If defined, designed and developed correctly, a responsive website will generally load faster. Because a responsive designer or developer has to account for both desktop computers and limited-memory devices, the best responsive websites tend to be minimal builds with fewer interactive components that never need to be taken out of play. That means in terms of pure speed, they're the cheetahs of the World Wide Web.
Despite being a relatively new option for designers and developers, responsive frameworks are a great solution, and based on existing device technology, evolving Web standards and the stance of key industry players, may not be so much solution as standard practice in a few short years. Of course, that doesn’t mean anything to the customer viewing your site on a mobile device today. That doesn't mean anything to the client without the budget to potentially overhaul or completely rebuild an existing website today.
In short, tomorrow's solution doesn't always solve today's problem. That brings us to ...
When a mobile website is a better option
When your site is heavily dependent on interactive components.
Not every company has an existing website that can provide a user with both an aesthetically-pleasing AND fully-functional experience on a mobile device. Complicated websites relying heavily on Adobe Flash animations or players, "light box" photo galleries and a number of other interactive components become borderline useless on a mobile device – most simply don’t support these elements or have the memory to run these efficiently even if they could.
Sure, a responsive code base can "hide" these elements at certain device screen widths, but the effect is somewhat deceiving. For example, while a responsive developer can prevent a homepage photo slideshow from displaying on a mobile device, there's nothing responsive coding can do to stop that slideshow from functioning – from loading the heavier backend code that makes this interactive element work. Simply put, preventing interactive elements from appearing on a device with responsive coding does nothing to prevent a complicated website from being complicated.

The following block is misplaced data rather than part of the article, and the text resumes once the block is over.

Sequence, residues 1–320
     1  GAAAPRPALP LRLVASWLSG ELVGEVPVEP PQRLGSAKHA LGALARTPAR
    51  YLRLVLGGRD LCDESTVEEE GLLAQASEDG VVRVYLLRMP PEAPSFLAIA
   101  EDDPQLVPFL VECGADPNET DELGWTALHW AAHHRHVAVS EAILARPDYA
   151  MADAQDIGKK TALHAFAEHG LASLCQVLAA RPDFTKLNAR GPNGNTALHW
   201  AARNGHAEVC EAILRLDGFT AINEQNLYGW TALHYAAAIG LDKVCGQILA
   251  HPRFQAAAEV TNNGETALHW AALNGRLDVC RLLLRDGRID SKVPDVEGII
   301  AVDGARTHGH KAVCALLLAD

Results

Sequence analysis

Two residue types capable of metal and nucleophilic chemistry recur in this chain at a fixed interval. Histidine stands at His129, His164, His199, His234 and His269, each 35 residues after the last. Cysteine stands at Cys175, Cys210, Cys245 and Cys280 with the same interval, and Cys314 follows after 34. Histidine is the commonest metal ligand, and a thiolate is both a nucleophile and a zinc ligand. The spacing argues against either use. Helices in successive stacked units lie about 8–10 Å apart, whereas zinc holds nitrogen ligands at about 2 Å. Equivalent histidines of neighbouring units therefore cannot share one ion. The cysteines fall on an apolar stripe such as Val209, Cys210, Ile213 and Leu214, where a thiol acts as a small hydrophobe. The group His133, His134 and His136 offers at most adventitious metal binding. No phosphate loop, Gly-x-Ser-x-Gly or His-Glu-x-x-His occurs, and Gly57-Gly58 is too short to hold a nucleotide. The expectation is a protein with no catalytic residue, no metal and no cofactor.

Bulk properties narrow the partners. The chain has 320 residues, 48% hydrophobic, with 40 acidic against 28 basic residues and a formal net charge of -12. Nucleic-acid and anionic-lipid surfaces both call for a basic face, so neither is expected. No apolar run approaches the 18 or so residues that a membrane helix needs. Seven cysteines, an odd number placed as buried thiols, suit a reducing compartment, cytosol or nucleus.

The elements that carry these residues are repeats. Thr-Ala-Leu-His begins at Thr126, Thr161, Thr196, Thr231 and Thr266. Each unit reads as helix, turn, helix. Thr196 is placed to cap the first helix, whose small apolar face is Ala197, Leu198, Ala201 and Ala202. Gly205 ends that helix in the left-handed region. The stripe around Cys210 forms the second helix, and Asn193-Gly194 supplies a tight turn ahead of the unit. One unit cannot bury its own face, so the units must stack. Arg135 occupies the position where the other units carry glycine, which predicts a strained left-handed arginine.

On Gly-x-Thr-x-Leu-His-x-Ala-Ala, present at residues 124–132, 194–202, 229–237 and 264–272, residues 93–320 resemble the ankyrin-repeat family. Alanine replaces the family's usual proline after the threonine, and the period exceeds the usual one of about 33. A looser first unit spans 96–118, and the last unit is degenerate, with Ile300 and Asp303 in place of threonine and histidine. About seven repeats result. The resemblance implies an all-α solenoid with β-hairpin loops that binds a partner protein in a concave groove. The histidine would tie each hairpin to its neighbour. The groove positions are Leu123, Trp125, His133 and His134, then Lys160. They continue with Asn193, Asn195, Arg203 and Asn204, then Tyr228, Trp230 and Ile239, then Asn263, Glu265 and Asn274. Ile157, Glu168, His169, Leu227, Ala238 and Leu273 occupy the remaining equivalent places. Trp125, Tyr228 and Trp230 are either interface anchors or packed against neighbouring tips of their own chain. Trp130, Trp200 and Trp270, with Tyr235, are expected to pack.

Again, tomorrow's solution doesn't always solve today's problem. You can't take an elephant and turn it into a cheetah. Sorry.
This is one benefit of a unique mobile website – it allows for a complete redesign, rebrand or repurpose of an existing Web presence. Because it relies on a separate code base and has a separate URL, a dedicated mobile website allows the owner to essentially "reset" the desktop version and repurpose some of the site's interactive elements while completely excluding others. This way, a website can truly become a customized mobile experience.
How Evolve Creative Group's desktop website (left) would appear on a smartphone if not for the cleaner, leaner mobile version.
Consider a few other benefits:
With a little backend coding, a user accessing your site with a smartphone can be automatically redirected to the mobile version of your desktop website. On paper, you'll have two URLs and two separate sites. On the Web, it will function as if you have one.
Since a mobile website is its own entity, you can streamline your content and avoid using additional code to hide or reposition excess elements. This allows for more control over your site's appearance on a smartphone with a limited-size viewport.
A mobile website is certainly a viable and well-tested solution, and depending on how your existing desktop site is built and your level of commitment to it, may be the best fit for you. If you've made a significant investment in an interactive, component-heavy desktop website and want to maximize return without completely shunning device users, then building a separate mobile site is probably the route you should take.
Regardless of the framework used to build it, a consumer's first experience with your website may be the first time a consumer experiences your brand. Take advantage of that opportunity – regardless of the device. Don't let your first impression become the last one.